Case: interim decision about violence
In Schafer and Becker, the mother sought to limit the amount of time that the father had with the children, based on her assertion that he was violent.
The most significant evidence that the mother had about the violence was that when the child E: “returns from time spent with his Father he is “out of control”, “violent”, “destructive” and “abusive”, and in particular he is violent and abusive towards his Mother and family members” and “the Father, in the presence of the Child E, “went berserk” screamed very aggressively, and was yelling and spitting, and was so angry at the Mother that the Mother says she was fearful for her safety”.
The mother sought to rely on police documents including the father’s criminal history.
Federal Magistrate Lucev ruled that on an interim basis the police documents were inadmissible because:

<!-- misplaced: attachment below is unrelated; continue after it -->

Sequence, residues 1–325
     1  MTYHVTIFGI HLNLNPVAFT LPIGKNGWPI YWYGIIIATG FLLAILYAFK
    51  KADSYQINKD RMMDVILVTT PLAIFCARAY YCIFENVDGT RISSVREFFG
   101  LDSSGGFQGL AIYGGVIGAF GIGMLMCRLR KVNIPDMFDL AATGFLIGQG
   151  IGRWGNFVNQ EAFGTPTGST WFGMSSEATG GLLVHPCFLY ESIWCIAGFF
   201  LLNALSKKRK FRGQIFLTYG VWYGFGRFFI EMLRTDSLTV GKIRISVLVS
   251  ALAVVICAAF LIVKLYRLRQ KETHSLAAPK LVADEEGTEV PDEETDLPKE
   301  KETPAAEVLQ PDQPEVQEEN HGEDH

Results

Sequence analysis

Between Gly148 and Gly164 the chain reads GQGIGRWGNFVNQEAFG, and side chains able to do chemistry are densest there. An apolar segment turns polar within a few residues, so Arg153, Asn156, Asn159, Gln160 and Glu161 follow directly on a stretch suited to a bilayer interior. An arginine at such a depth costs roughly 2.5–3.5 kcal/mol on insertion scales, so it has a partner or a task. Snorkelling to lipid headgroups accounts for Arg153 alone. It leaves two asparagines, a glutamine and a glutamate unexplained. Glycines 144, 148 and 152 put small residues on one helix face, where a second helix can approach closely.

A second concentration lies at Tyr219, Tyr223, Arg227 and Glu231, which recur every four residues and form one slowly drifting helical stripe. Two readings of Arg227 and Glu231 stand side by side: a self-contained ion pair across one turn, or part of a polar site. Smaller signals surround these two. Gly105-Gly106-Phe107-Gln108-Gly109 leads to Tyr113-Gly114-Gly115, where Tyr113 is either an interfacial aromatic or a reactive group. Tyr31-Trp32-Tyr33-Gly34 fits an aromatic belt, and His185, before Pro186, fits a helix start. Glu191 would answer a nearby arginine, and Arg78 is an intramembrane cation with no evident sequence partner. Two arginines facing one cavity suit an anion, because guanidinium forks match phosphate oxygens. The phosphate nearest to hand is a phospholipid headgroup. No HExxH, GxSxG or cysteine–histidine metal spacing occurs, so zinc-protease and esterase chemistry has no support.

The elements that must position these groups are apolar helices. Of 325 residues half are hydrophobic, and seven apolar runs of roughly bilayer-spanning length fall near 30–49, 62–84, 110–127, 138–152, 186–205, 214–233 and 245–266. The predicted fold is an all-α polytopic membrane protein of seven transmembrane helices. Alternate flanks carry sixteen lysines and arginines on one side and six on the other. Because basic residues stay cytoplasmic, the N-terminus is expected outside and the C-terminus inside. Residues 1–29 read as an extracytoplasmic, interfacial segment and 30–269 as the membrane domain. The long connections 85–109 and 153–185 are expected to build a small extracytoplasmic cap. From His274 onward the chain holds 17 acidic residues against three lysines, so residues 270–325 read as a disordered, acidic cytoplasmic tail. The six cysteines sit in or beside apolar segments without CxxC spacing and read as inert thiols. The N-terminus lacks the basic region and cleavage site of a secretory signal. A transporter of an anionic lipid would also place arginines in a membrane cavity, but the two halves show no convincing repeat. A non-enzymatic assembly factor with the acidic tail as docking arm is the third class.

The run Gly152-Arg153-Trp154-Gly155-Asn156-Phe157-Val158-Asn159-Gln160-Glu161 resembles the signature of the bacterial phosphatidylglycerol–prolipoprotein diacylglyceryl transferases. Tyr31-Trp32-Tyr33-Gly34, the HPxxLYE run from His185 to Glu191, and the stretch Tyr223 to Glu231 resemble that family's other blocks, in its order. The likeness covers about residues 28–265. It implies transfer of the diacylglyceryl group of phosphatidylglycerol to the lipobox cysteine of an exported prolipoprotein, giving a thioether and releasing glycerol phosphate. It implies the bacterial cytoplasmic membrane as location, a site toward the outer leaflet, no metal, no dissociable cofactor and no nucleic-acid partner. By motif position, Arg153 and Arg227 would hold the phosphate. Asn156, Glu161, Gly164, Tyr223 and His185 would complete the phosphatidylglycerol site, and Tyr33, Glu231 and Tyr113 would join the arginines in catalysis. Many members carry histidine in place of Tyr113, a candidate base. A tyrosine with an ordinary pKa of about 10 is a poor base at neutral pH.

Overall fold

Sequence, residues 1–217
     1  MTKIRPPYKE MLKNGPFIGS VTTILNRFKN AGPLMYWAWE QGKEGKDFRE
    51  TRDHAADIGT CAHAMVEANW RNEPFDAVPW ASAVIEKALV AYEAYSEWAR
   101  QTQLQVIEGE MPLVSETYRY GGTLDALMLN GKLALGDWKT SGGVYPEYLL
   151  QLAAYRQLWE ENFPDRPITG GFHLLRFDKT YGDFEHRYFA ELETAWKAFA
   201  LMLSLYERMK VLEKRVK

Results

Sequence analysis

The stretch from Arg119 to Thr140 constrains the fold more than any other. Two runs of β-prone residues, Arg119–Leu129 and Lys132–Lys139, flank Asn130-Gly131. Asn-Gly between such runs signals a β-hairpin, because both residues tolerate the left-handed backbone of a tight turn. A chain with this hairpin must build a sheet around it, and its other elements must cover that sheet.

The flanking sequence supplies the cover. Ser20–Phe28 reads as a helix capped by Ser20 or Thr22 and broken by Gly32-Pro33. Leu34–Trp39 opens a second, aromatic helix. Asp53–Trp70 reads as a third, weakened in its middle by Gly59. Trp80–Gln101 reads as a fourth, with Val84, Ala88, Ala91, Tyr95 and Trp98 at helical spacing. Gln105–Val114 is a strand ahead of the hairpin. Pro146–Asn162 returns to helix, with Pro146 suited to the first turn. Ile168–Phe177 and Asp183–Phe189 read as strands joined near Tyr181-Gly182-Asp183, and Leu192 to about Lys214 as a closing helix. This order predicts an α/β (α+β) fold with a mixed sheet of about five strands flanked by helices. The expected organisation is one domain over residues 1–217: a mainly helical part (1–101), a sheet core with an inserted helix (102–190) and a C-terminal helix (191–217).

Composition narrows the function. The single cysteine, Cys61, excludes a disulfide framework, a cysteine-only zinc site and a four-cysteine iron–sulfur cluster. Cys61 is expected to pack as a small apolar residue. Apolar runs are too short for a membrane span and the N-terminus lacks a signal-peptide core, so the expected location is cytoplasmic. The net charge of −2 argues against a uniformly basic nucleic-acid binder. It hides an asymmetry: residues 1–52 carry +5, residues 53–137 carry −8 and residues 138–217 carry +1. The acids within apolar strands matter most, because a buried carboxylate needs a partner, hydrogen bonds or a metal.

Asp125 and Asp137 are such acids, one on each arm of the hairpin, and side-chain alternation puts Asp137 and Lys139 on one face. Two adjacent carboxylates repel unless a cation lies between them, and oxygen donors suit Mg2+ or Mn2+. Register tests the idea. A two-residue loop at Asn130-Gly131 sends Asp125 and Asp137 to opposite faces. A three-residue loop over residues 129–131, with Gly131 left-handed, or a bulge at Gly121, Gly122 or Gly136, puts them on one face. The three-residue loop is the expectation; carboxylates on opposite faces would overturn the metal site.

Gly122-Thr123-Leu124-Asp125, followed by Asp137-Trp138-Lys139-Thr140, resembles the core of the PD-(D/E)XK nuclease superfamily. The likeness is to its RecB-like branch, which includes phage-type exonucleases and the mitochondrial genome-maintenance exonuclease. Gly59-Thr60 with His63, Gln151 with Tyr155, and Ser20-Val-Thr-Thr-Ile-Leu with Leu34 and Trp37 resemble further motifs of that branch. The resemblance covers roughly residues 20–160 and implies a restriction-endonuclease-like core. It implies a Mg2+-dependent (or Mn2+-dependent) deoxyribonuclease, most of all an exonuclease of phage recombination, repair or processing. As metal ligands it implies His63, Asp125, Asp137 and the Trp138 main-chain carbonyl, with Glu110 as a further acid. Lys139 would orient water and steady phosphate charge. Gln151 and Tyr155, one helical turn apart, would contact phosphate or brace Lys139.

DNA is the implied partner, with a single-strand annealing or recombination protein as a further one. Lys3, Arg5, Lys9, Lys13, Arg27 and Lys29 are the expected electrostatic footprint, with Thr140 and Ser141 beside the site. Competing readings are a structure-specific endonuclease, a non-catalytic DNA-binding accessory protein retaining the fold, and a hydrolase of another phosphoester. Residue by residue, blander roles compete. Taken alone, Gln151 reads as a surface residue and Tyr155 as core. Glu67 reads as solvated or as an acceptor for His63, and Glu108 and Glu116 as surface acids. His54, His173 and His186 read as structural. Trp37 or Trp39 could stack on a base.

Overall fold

do not reveal that any family or domestic violence orders have been taken out;
do not reveal that there has been any violence in, or in relation to the Children, or that they have been exposed to any violence; and
reveal that the one matter which went to Court (involving the Father and the police), and upon which considerable emphasis was placed in the hearing, was dismissed with a costs order in favour of the Father.
In the circumstances, the bundle of often repetitious hearsay documents which reveal no actual or potential risk of exposure of the Children to violence, and which seek to potentially significantly prejudice the Father will not be admitted for the purposes of the interim application.”
The mother was ultimately unsuccessful on limiting the amount of time based on the issue of violence- there was simply not enough evidence.
An illustration perhaps of the need to ensure that affidavit material is extremely thorough, even at an interim stage, when relying on allegations of violence. Or put another way- plenty of assertion, not enough evidence.